12 Nov How Can Architecture Face Housing Crisis
The housing crisis is getting worse as time goes by. The ratio of people who do not have a house to live or only have access to precarious conditions is increasing each year. This sets challenges for the society, for authorities, for the construction industry and, of course, for architects and engineers. Let’s take a look at the different implications that this issue places.
There have been several attempts to solve or at least ease the housing crisis. Many of them have failed because they have not looked at the bigger picture.
«It is not enough to just provide immediate assistance through construction programs in underdeveloped areas, it’s important to make these efforts sustainable and perdurable.»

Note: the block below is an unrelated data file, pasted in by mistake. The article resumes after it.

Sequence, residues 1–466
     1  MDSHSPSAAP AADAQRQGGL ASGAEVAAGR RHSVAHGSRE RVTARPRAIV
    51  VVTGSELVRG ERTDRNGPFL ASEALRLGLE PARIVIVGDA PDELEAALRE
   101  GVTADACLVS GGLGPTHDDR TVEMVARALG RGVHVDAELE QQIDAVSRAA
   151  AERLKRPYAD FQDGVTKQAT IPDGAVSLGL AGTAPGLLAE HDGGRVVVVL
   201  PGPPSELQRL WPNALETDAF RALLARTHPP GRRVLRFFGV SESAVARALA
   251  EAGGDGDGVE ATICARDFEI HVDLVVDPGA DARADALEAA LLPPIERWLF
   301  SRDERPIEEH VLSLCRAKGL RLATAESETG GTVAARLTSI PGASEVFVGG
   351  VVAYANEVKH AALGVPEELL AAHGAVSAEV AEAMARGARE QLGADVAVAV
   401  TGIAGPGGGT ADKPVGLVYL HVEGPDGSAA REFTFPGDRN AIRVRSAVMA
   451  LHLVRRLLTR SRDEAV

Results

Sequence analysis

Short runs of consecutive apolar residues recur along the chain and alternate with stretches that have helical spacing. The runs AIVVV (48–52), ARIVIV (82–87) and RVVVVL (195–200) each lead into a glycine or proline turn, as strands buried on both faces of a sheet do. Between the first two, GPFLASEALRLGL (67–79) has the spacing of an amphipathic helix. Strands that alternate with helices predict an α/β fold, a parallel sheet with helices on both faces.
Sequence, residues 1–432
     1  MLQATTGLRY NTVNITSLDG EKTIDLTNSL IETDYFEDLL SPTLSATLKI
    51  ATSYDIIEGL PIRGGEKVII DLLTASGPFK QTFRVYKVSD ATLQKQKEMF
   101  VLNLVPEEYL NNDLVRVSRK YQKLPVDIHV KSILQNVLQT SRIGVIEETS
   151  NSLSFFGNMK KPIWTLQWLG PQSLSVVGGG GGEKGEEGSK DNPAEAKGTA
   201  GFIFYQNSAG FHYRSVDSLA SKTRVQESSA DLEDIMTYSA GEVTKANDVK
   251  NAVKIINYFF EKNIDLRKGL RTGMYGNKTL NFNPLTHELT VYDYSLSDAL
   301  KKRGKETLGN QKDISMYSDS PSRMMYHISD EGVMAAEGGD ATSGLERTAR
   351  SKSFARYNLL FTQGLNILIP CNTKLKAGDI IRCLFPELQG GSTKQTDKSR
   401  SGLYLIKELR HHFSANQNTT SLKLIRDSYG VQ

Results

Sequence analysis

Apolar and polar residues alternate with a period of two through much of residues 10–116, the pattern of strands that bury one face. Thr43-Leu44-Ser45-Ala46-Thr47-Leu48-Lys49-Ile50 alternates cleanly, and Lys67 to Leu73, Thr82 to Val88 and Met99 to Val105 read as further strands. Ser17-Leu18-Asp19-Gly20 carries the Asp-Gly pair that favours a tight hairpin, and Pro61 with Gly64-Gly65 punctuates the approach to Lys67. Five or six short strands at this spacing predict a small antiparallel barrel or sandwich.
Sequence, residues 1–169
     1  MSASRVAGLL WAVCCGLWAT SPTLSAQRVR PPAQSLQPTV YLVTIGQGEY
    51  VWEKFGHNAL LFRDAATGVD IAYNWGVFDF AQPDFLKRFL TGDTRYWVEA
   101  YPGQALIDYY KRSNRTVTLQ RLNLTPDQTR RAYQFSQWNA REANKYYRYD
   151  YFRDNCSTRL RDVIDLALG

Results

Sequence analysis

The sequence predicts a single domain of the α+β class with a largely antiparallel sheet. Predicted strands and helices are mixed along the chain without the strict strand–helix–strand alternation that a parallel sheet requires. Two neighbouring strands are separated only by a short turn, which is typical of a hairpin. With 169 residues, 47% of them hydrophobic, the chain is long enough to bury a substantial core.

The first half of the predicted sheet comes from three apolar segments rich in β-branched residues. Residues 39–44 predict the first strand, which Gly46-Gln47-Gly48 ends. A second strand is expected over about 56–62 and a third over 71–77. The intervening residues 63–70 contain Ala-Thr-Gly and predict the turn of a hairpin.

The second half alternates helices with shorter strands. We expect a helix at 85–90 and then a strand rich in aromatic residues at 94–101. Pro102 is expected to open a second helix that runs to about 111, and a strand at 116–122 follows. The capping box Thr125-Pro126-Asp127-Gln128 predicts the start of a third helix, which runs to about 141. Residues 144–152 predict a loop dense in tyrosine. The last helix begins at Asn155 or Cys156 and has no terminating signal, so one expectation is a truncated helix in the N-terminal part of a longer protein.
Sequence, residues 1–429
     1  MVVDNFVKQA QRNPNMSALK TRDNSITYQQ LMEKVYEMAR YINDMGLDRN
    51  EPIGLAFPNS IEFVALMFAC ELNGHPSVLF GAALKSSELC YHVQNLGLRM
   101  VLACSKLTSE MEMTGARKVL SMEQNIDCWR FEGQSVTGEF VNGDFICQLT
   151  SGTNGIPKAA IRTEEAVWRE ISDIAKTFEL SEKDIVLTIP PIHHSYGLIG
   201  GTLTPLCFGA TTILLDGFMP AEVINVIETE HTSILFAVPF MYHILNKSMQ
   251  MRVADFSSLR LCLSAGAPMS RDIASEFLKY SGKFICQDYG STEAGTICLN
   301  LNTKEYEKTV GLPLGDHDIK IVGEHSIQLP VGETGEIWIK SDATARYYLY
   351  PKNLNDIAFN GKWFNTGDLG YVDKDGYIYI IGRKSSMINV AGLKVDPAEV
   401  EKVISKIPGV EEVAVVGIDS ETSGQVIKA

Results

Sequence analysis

One of the biggest flaws in this process is the lack of a truly ethical approach to this issue. Architecture schools play a key role in this journey: new architects must be ready to develop projects that involve the area’s culture, the human resources and the projects’ horizon towards the future. Many initiatives created for this crisis respond to the urgency by creating rapid but ephemeral solutions, which just postpones the problem to a future where it will surely be intensified.
Other approaches include modular construction, software that makes material calculation more accurate and even biomaterials that are not only friendlier with the environment but also more affordable.
But, even more than these measures, an ethical exercise of architecture with a wider panorama is what really will make the difference.
Authorities, society and the construction industry must all join forces to mitigate this terrible crisis. It’s time to act globally in order to face a problem that is truly inconceivable for these times. Architects must listen and imagine the paths towards a future where everyone has a dignified roof and a dignified life.